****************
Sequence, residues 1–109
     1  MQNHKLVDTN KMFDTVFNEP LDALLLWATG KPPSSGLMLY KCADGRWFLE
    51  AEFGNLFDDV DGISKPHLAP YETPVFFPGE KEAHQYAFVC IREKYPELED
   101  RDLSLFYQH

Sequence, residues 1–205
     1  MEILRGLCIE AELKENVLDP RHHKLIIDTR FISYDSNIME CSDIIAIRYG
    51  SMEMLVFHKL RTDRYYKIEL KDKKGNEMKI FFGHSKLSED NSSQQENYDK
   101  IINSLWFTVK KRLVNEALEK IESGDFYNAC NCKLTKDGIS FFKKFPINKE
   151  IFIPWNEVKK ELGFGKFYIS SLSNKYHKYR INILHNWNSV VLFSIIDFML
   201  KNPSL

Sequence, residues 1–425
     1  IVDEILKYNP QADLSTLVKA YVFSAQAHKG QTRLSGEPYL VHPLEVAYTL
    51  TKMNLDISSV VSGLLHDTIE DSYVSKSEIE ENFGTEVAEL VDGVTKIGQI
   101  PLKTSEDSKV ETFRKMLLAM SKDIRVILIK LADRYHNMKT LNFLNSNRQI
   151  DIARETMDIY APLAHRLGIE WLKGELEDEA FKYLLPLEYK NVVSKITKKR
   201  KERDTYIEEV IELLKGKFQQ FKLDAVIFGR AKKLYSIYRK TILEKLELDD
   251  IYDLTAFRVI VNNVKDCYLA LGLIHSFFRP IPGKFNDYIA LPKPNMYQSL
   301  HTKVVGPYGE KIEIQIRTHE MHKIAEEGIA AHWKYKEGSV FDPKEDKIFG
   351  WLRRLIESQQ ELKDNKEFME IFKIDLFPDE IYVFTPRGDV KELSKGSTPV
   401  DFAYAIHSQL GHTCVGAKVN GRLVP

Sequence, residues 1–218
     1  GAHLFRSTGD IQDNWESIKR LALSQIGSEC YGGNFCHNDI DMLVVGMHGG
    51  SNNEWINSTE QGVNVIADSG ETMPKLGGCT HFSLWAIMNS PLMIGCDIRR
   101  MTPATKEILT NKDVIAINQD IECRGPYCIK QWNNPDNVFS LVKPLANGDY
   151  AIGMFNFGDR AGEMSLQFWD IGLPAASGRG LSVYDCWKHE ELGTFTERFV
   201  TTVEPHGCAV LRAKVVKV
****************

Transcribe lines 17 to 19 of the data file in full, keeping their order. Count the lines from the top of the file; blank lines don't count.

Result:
   251  IYDLTAFRVI VNNVKDCYLA LGLIHSFFRP IPGKFNDYIA LPKPNMYQSL
   301  HTKVVGPYGE KIEIQIRTHE MHKIAEEGIA AHWKYKEGSV FDPKEDKIFG
   351  WLRRLIESQQ ELKDNKEFME IFKIDLFPDE IYVFTPRGDV KELSKGSTPV